Hypothesis: Recent studies have demonstrated a potentially critical role of matrix metalloproteinases (MMPs) and tissue inhibitors of matrix metalloproteinases (TIMPs) in the pathophysiology of rotator cuff tears. We hypothesize that local delivery of a MMP inhibitor after surgical repair of the rotator cuff will improve healing at the tendon-to-bone surface interface.
Materials and methods: Sixty-two male Sprague-Dawley rats underwent acute supraspinatus detachment and repair. In the control group (n=31), the supraspinatus was repaired to its anatomic footprint. In the experimental group (n=31), recombinant alpha-2-macroglobulin (A2M) protein, a universal MMP inhibitor, was applied at the tendon-bone interface with an identical surgical repair. Animals were sacrificed at 2 and 4 weeks for histomorphometry, immunohistochemistry, and biomechanical testing. Statistical comparisons were performed using unpaired t tests. Significance was set at P < .05.
Results: Significantly greater fibrocartilage was seen at the healing enthesis in the A2M-treated specimens compared with controls at 2 weeks (P < .05). Significantly greater collagen organization was observed in the A2M-treated animals compared with controls at 4 weeks (P < .01). A significant reduction in collagen degradation was observed at both 2 and 4 weeks in the experimental group (P < .05). Biomechanical testing revealed no significant differences in stiffness or ultimate load-to-failure.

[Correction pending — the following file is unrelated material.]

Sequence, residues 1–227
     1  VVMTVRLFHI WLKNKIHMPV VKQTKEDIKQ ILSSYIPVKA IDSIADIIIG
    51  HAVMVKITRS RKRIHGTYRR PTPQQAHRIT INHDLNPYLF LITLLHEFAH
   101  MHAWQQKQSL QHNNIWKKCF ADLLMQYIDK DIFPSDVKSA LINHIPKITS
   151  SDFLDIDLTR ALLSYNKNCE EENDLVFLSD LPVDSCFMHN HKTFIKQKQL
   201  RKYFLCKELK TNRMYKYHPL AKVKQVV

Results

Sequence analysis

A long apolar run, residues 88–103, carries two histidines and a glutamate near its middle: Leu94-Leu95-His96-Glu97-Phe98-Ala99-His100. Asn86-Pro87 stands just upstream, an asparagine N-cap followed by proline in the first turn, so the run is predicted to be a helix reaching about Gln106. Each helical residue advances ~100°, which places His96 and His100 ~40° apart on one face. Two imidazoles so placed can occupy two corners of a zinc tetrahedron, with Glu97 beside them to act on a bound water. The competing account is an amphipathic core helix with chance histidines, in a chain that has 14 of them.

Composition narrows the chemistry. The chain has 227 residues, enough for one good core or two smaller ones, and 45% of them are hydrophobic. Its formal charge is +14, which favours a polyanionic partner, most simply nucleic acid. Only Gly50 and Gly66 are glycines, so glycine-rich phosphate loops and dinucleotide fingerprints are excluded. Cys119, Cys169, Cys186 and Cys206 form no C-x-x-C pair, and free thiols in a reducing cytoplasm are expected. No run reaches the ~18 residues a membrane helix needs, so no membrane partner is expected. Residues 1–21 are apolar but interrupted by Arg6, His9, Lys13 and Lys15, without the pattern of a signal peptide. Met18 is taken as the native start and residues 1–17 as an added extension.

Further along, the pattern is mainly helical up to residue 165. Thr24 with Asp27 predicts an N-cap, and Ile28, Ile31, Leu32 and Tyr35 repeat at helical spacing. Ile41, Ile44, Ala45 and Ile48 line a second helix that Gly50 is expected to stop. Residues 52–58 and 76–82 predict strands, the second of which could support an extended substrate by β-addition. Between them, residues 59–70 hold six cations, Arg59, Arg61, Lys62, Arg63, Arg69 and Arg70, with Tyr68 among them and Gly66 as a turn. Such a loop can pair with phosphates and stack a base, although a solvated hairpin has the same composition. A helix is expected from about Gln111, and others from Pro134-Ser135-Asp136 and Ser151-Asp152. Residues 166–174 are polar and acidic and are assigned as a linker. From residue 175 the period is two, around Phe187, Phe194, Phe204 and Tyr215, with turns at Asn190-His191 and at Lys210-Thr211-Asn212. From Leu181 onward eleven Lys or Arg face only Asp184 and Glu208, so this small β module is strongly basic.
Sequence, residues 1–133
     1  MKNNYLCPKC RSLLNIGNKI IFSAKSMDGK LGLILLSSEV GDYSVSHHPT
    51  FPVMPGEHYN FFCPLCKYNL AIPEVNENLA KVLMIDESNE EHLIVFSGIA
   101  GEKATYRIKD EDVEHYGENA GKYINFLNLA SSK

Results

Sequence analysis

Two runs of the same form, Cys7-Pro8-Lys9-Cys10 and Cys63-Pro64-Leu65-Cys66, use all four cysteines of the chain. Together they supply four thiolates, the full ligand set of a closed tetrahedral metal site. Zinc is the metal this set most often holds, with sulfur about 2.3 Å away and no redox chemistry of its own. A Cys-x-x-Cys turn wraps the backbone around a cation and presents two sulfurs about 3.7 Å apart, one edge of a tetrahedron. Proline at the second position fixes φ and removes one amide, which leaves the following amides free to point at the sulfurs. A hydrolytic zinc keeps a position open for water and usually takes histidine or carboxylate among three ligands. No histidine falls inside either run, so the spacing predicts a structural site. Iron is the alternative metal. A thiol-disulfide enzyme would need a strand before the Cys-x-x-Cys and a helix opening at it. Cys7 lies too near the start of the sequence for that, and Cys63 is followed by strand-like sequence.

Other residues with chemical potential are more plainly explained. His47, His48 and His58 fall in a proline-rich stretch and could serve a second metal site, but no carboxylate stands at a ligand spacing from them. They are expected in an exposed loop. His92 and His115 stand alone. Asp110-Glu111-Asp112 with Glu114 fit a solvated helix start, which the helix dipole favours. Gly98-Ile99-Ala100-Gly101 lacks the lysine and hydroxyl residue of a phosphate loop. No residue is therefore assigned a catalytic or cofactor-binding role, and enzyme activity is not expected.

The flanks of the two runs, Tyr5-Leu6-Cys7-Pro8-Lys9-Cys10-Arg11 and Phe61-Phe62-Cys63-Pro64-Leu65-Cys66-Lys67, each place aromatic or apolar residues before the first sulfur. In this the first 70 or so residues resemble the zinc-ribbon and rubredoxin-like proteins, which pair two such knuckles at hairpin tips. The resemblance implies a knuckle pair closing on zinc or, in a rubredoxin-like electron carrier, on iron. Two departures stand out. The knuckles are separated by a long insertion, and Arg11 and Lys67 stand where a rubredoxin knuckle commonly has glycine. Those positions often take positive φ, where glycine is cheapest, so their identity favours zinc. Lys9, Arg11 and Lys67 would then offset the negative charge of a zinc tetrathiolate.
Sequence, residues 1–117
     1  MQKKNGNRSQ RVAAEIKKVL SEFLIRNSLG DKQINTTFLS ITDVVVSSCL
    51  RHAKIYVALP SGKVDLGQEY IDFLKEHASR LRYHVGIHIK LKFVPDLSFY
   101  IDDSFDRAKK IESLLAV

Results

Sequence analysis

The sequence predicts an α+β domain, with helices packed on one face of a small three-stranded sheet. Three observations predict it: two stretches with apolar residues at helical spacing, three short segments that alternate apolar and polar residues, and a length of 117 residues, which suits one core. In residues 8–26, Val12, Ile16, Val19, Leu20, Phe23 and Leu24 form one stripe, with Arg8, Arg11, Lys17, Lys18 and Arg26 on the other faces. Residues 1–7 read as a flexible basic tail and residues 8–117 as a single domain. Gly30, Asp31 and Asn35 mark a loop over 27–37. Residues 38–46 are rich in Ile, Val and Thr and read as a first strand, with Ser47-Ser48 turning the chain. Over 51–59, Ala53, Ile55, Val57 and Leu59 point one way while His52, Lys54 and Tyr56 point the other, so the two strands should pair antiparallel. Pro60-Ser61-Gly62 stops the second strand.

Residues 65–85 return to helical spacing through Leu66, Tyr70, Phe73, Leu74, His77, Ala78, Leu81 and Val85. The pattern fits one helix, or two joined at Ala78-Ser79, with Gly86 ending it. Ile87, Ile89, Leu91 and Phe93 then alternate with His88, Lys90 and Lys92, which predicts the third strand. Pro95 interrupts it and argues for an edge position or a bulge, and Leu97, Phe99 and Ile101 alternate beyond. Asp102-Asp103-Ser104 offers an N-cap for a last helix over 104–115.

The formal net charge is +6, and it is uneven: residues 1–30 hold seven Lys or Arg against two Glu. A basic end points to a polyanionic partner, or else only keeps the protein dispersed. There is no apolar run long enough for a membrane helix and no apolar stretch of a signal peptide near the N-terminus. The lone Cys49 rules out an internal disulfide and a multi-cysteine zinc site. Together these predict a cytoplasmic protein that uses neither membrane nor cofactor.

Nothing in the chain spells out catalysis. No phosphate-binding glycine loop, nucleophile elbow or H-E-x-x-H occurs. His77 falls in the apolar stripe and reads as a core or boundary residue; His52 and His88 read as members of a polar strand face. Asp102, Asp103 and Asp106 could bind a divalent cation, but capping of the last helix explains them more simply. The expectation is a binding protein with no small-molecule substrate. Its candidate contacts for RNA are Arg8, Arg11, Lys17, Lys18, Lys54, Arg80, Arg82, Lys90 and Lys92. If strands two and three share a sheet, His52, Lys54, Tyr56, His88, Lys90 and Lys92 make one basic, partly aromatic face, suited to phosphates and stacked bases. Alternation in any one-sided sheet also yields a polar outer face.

Conclusion: Local delivery of an MMP inhibitor is associated with distinct histologic differences at the tendon-to-bone interface after rotator cuff repair. Modulation of MMP activity after rotator cuff repair may offer a novel biologic pathway to augment tendon-to-bone healing after rotator cuff repair.
2010 Journal of Shoulder and Elbow Surgery Board of Trustees. Published by Mosby, Inc. All rights reserved.